-- Mike, an American living in Norway.

View George_SA's profile

George_SA

298 posts in 1673 days


#6 posted 09-20-2015 05:26 PM

This very good. Thanks for sharing.

-- There are some things that money can't buy - Manners, morals and integrity

View helluvawreck's profile

helluvawreck

23113 posts in 2326 days


#7 posted 09-20-2015 06:08 PM

Dutchy, this is top notch work. They look so realistic.

helluvawreck aka Charles
http://woodworkingexpo.wordpress.com

-- If a man does not keep pace with his companions, perhaps it is because he hears a different drummer. Let him step to the music which he hears, however measured or far away. Henry David Thoreau

View Dutchy's profile

Dutchy

2008 posts in 1628 days


#8 posted 09-20-2015 06:11 PM

Thank you guys.

Kiefer:
You have brought me an idea. To sand with the jig I only have to drill a hole in the circles. Only the “top” circle can’t be drilled but for the others it isn’t a problem. So: Thanks

The tires are ebonized with only a mix of steel wool and vinegar (two times). I would prefer beech for the wheels but the reason I don’t use it is that it has less ley in it than european oak.

Mike:
It’s up you to get into it again or trying to resist the temptation. But when you like I send you the drawings of the WWII Jeep. And I’m sure you can make it !!!!. You have already the tools you need. Bandsaw, jig saw (or Cevalet), drum sander. I don,t know you have a disksander.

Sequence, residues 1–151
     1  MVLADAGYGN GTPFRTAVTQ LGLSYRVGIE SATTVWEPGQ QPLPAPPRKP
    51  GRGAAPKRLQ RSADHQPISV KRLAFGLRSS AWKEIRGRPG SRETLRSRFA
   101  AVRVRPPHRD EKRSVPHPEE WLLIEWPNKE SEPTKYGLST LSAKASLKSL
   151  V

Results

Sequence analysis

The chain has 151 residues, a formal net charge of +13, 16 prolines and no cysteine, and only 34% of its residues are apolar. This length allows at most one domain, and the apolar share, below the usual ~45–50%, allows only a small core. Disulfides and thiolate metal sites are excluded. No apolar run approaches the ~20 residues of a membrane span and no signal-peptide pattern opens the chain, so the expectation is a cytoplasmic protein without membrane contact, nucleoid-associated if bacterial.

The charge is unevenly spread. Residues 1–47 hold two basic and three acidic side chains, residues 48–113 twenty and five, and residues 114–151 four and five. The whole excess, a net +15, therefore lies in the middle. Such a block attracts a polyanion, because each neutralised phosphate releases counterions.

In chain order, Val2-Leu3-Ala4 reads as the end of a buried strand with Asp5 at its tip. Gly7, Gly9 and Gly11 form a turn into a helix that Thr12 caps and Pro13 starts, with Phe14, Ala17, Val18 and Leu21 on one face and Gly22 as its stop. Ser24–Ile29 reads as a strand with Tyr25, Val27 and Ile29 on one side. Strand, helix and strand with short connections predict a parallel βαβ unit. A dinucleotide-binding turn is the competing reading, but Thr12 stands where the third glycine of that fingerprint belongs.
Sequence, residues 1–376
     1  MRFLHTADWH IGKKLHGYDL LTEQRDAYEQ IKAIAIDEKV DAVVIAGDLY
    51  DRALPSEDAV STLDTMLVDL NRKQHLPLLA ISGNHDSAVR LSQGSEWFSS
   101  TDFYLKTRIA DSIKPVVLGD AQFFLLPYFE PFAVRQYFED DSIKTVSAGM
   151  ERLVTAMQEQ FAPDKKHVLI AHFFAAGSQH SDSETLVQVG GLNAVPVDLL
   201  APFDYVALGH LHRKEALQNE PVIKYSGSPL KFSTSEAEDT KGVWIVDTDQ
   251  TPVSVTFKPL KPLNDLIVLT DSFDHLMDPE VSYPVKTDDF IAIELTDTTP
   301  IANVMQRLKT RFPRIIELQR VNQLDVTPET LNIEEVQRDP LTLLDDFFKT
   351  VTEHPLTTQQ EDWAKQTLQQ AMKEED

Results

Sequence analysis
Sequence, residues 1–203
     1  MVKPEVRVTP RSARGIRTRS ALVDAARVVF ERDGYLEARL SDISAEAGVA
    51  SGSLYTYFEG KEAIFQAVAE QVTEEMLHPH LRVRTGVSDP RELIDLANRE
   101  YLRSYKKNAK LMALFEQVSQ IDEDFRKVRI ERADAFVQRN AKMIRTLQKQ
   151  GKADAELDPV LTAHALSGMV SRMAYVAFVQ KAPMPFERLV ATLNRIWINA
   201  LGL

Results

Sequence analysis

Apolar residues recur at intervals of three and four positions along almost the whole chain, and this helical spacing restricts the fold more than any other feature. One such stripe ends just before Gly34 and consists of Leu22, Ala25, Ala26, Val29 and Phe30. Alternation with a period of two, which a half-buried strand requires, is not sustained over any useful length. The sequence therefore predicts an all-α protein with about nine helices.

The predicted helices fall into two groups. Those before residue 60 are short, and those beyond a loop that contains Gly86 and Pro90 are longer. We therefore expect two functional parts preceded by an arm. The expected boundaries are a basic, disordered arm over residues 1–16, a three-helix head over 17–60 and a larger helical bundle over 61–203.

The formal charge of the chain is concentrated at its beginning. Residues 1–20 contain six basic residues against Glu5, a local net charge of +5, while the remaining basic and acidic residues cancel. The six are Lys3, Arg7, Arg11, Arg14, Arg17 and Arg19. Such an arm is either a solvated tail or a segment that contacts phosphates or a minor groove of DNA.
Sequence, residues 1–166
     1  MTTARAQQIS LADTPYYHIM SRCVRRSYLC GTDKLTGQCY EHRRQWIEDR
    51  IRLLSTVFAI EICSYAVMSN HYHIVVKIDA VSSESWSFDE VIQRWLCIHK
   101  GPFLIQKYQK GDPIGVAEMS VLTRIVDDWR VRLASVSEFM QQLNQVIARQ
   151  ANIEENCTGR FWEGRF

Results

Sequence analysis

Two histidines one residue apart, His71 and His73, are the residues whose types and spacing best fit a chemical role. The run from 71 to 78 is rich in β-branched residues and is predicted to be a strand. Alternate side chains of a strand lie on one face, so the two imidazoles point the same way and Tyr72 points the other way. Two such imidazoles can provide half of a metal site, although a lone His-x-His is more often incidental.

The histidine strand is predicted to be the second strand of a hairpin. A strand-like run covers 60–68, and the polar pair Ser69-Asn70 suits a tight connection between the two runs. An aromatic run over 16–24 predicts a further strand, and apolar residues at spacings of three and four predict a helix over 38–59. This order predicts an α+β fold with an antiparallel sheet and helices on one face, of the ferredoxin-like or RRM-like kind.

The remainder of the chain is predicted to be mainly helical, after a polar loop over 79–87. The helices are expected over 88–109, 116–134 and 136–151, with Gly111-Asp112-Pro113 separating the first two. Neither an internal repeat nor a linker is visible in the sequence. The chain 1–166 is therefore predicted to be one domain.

-- My englisch is bad but how is your dutch?

View jim65's profile

jim65

805 posts in 1393 days


#9 posted 09-20-2015 07:36 PM

excellent. details and your patience is always amazing!

-- Jim, Marostica Italy

View Julian's profile

Julian

1033 posts in 2150 days


#10 posted 09-20-2015 11:55 PM

The wheels look great. Amazing detail. Great job.

-- Julian

View crowie's profile

crowie

1477 posts in 1410 days


#11 posted 09-23-2015 02:23 AM

The patience of a saint and the skills of a mater craftsman, have combined very well to produce a near prefect wheel, tyre & rim assembly….